A track like “Old Town Road” doesn’t spend 17 weeks at No. 1 by appealing to black people alone. Indeed, we can assume that more than a few fans of “Old Town Road” are white Southerners. That raises interesting questions, because perhaps no other art form is more associated with white racism than country music, which flourished during a period when the South’s white ruling class viewed black music as a plot to “mongrelize” America. “The obscenity and the vulgarity of the rock ’n’ roll music is obviously a means by which the white man [and] his children can be driven to the level with the n—–,” said Asa “Ace” Carter, founder of the North Alabama White Citizens Council, in 1958.

Lest the irony of black performers such as Lil Nas X and Blanco Brown appropriating white country music be lost, understand that in the minds of many black folks, cultural appropriation is something only other races do. For the past century right up to the present, white artists from Al Jolson, Elvis Presley and Benny Goodman to the Rolling Stones and Eminem have made a mint assimilating African American jazz, rhythm and blues, rock ’n’ roll, funk, rap and more. We’re so used to churning out new art forms that the idea of appropriating white artists seems almost unseemly, like the crassest of sellouts.

Perhaps that perception will change with the success of Lil Nas X and Blanco. The fact that these black iconoclasts are making inroads with country music fans in an era of resurgent white nationalism challenges much of what we think we know about cultural appropriation and race in America. Are Lil Nas X and Blanco Brown pirating white culture? Or is the controversy over their blackified country sounds just musical racial profiling? Let’s explore.


The Cambridge Dictionary describes cultural appropriation as “the act of taking or using things from a culture that is not your own, especially without showing that you understand or respect this culture.”

By this definition, Lil Nas X and Brown are tough nuts to crack, though the country music industry has weighed in officially on Lil Nas X. After reviewing “Old Town Road” in April, Billboard elected to remove the tune from its country chart, stating that for all its country/cowboy imagery, the song does not “embrace enough elements of today’s country music to chart in its current version.”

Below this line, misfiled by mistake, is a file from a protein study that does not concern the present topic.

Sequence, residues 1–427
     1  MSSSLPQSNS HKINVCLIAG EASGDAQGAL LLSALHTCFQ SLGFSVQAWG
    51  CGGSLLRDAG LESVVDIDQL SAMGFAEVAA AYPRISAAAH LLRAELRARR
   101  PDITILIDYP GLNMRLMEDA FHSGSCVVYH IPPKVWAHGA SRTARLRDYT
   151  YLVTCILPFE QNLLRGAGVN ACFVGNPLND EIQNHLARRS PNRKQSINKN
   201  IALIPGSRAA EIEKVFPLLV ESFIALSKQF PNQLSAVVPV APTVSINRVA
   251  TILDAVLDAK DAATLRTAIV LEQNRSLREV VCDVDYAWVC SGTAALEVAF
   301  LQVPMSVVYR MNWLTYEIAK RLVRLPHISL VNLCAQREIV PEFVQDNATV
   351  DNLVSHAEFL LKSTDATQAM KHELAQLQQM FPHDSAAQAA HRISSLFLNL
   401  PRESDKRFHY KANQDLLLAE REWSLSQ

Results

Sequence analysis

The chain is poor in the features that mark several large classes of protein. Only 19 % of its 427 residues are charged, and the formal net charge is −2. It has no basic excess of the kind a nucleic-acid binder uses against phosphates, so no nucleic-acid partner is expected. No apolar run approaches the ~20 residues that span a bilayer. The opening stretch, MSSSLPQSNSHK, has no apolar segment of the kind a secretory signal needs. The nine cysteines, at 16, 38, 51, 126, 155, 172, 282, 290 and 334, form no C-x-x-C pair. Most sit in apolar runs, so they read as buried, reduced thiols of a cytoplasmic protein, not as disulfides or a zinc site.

Blanco Brown performs during Day One of the 2019 CMA Music Festival at Ascend Amphitheater on June 6 in Nashville, Tennessee. Brown’s “The Git Up” made headlines recently after it topped Billboard’s Hot Country Songs chart.

Photo by Mickey Bernal/Getty Images

While Billboard may be clear about the song’s lack of country authenticity, it’s harder for us laypeople. Do Lil Nas X and Brown “understand and respect” white country culture, at least judging by their hit debut recordings? It should be noted that there was little demand for black country-rap performers before these two guys showed up. So they recorded these twangy singles with little expectation that their songs would make them chart-toppers. Successful black singers such as Charley Pride and Darius Rucker notwithstanding, African American country stars are as rare as desert rain.

Moreover, as any aspiring country performer will attest, it’s danged hard to write and perform a hit. Yet Lil Nas X and Brown nailed it on their first attempts, which suggests they understand and respect country culture, big-time.

But for the sake of argument, let’s imagine that Lil Nas X and Brown really are culture vultures just looking to make a buck in country music. Isn’t it about time we black folks did more cultural borrowing? In the never-ending appropriation debate, we are often the most egregiously offended people, and understandably so. From redlining and voter suppression to racial profiling, we’re constantly reminded of the institutional disdain this country has for its African American citizens. Given this contempt, it’s maddening to witness the white ruling class appropriate our culture, imitating and commodifying everything from our music and fashion to our colloquialisms and mannerisms.

Billy Ray Cyrus (left) and Lil Nas X (right) perform at the 2019 BET Awards on June 23 in Los Angeles.

Photo by Frederick M. Brown/Getty Images for BET

Now, with Lil Nas X and Brown tearing up the charts, a turnabout-is-fair-play dynamic has been brought to the debate. For decades, some white people have brushed off black concerns about appropriation, an indifference that was dramatically illustrated when rock legend Paul Simon visited Howard University in 1987. The singer/songwriter hoped to explain how South African Zulu music inspired the songs on his acclaimed 1986 album Graceland. But instead of a warm welcome, Simon was treated to a healthy helping of student scorn —”For too long, artists have stolen African music,” asserted one Howard undergrad. “I tried to introduce this music to people who never heard it before,” a stunned Simon responded. “Sincerity doesn’t seem to be held in high regard.”